Abu Dhabi Course Information


Copied from the Abu Dhabi Adventure Challenge Website


“All good things must come to an end but there’s no reason why you can’t stretch out the proceedings a little and make the most of it while it lasts, so we’ve made the race even longer this year, to give you more challenges, more excitement… and loads more vitamin D.

Abu Dhabi is a country in full flower – the kind of place that requires a rewrite of the travel guides on a weekly basis. New buildings, resplendent experiments juxtaposing futuristic design with cutting-edge material’s science, sweeping cultural projects, luxury resorts and wildlife reserves all combine with the timeless hospitality of the Bedouin tribe to compose one of the world’s most enticing tourist destinations. With all that available, we could hardly pass up the chance make the race the longest yet, giving you the opportunity to race more, see more and, of course, achieve more.

This year’s race includes all those familiar and favourite aspects of the last 2 plus a few tweaks based on your fascinating feedback. On 4th December, Abu Dhabi City, with its skyline of tall, modern buildings interspersed with delicate minarets and elegant seafront promenades will repeat its role as urban showcase for the event by hosting the opening act: a triathlon-style opener that involves 34km of running, cycling, sea kayaking and, for the first time, swimming in the calm waters around the Abu Dhabi Corniche. Not much of a breather later the Arabian Gulf, an essential in the race itinerary with its picturesque desert islands and pristine waters, is an ideal playground for the keen kayaker and an ideal choice for backdrop to the next stage.


In contrast to previous itineraries, when the teams would paddle west of Abu Dhabi and confront vast expanses of open water, this demanding 110km sea-kayaking leg that will take you east around the coast and past the 27 square mile Saadiyat Island, currently in the process of becoming Abu Dhabi’s cultural and recreational haven. This international tourist destination in the making will eventually boast 5-star resorts, immaculate sandy beaches, lagoons, a wildlife reserve and the only seaside golf course in the region. A vibrant cultural district, housing some of the Middle East’s most audacious architectural gems and extensive art collections, is also under construction. An island bivouac among the lush mangroves will give you time to dry your socks, get some sleep and prepare for the another day’s racing on the crystal waters.

After a three hour transfer to the Liwa Desert, via the Liwa Oasis, you are only one authentic Bedouin bivouac away from a very close up and personal rub with the Rub’ al Khali (Empty Quarter), the world’s largest expanse of unbroken sand, equivalent in size to France, Holland and Belgium combined. The dunes of red and gold are so tall that they attract visitors from around the globe with only one objective in mind: get to the top. A 2-day struggle across 120km of dramatic and uncompromising desert will confront you with one of the most challenging stages of the race. You will need to manage water, effort and itinerary choice to have any chance of “beating” the desert. As if that wasn’t enough, this is the home of the legendary “shouting sands” (Za’eeq al Raml), a phenomenon that local legends often describe as evil spirits trying to disorient travellers and draw them deeper into peril… and you thought that role belonged to your teammates A trusty compass and reliable map should keep you safe from any interfering djinn but watch out for the early morning fog which, if last year is anything to go by, can really stir things up.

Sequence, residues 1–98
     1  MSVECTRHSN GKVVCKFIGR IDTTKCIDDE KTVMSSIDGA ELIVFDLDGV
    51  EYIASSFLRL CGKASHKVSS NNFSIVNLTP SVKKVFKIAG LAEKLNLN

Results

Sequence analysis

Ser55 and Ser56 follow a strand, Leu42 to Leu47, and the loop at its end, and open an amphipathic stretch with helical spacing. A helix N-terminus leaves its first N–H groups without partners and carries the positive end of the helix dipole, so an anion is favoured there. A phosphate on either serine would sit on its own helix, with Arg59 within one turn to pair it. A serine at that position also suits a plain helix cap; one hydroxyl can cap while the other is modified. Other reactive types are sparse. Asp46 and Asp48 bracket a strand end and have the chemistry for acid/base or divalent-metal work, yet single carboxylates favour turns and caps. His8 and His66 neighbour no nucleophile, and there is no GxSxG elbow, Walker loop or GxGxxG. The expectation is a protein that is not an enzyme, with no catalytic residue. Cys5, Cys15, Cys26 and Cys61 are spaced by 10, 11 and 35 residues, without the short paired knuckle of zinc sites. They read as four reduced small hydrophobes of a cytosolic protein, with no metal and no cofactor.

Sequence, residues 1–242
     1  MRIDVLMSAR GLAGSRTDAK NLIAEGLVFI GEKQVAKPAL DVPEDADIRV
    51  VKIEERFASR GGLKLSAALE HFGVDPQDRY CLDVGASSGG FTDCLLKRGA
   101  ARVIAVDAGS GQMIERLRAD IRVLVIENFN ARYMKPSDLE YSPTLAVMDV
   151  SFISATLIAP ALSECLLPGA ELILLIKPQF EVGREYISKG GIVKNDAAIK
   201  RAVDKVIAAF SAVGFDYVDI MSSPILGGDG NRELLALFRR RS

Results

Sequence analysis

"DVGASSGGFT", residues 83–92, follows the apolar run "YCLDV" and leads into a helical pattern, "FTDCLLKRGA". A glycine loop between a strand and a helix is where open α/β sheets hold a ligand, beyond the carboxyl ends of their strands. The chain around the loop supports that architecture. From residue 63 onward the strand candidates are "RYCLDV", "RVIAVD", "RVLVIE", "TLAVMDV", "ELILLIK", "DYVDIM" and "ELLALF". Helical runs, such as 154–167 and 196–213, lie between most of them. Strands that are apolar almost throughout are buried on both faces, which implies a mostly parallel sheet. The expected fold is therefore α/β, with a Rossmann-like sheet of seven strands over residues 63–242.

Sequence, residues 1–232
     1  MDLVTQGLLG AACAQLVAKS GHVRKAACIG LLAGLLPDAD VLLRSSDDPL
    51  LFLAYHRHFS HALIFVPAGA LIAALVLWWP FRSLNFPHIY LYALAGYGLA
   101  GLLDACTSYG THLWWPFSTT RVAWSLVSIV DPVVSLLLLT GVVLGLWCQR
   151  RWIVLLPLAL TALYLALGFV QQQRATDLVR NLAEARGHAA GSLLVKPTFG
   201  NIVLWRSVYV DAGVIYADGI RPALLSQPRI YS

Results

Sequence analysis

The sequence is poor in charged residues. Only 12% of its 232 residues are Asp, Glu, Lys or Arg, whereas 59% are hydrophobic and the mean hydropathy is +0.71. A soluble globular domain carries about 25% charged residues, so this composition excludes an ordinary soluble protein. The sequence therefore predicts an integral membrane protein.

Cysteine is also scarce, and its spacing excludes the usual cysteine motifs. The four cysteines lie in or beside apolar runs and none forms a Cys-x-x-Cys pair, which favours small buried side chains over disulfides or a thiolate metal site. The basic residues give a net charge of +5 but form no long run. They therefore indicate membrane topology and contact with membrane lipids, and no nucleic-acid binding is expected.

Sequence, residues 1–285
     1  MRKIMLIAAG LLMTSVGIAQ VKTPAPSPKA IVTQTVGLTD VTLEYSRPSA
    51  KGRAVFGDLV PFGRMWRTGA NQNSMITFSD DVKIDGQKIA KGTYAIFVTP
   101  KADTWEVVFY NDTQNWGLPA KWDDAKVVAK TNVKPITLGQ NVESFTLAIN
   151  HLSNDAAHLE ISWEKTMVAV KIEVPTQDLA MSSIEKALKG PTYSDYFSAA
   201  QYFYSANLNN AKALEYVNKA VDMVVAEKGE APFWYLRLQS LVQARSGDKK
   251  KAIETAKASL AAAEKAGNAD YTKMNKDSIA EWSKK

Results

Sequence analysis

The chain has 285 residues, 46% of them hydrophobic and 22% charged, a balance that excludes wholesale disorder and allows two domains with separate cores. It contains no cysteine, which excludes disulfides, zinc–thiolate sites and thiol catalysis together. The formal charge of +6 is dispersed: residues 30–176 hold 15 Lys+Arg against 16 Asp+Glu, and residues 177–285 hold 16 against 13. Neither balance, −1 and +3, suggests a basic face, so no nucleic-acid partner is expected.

On the 5th day, you will take to the saddle to cover a punishing 95km biking stage. Split into 2 legs, the first 40km section, from the heart of the Liwa desert to Hamim, includes a cameo appearance for the luxury, five-star Qasr Al Sarab desert resort,due to opens its doors to guests in October 2009. You won’t get as far as checking in at this unique, authentic Arabian retreat but a quick detour through the palm-shaded grounds should give you a feel for the place. The 54 remaining kilometres will take you from Hamim all the way to the outskirts of the Oasis city of Al Ain. Otherwise known as the “Garden City of the Gulf”, strict planning rules, limiting the height of new buildings, lends an intimacy to the city and an abundance of pleasant parks, age-old markets and cultural attractions, including the recently inauguratedZayed National Museum, which houses temporary and permanent collections illustrating the life and values of the United Arab Emirates’ illustrious founder, gives it, and the delightfully leafy streets, a distinctly traditional Arabian atmosphere.

After a night camped in a cool canyon to the east of the Jebel Hafeet range, the all important final day starts with a novel, night-orienteering section followed by a trek up the jagged slopes of the mountain range which, at 1,340m, dominates the surrounding area and is one of the UAE’s highest peaks. A technically demandingrope works section will give you a stunning view across the fertile plains studded with date farms that reach the outskirts of Al Ain. From the top of what is one of the UAE’s highest mountains, you will careen 37km down into the city centre of Al Ainalong roads closed expressly for the race. The final 4km will be on foot, with teams sprinting through the popular Central Gardens, where a large cosmopolitan crowd comes at weekends to picnic and play, to the finish line at the Jahili Fort, one of the country’s most important historical monuments and the largest castle in Al Ain. You’ll most certainly be exhausted but also a lot wiser… In a race renowned for the quality of its course set in a country celebrated for its hospitality and cultural heritage, longer can only mean better.”


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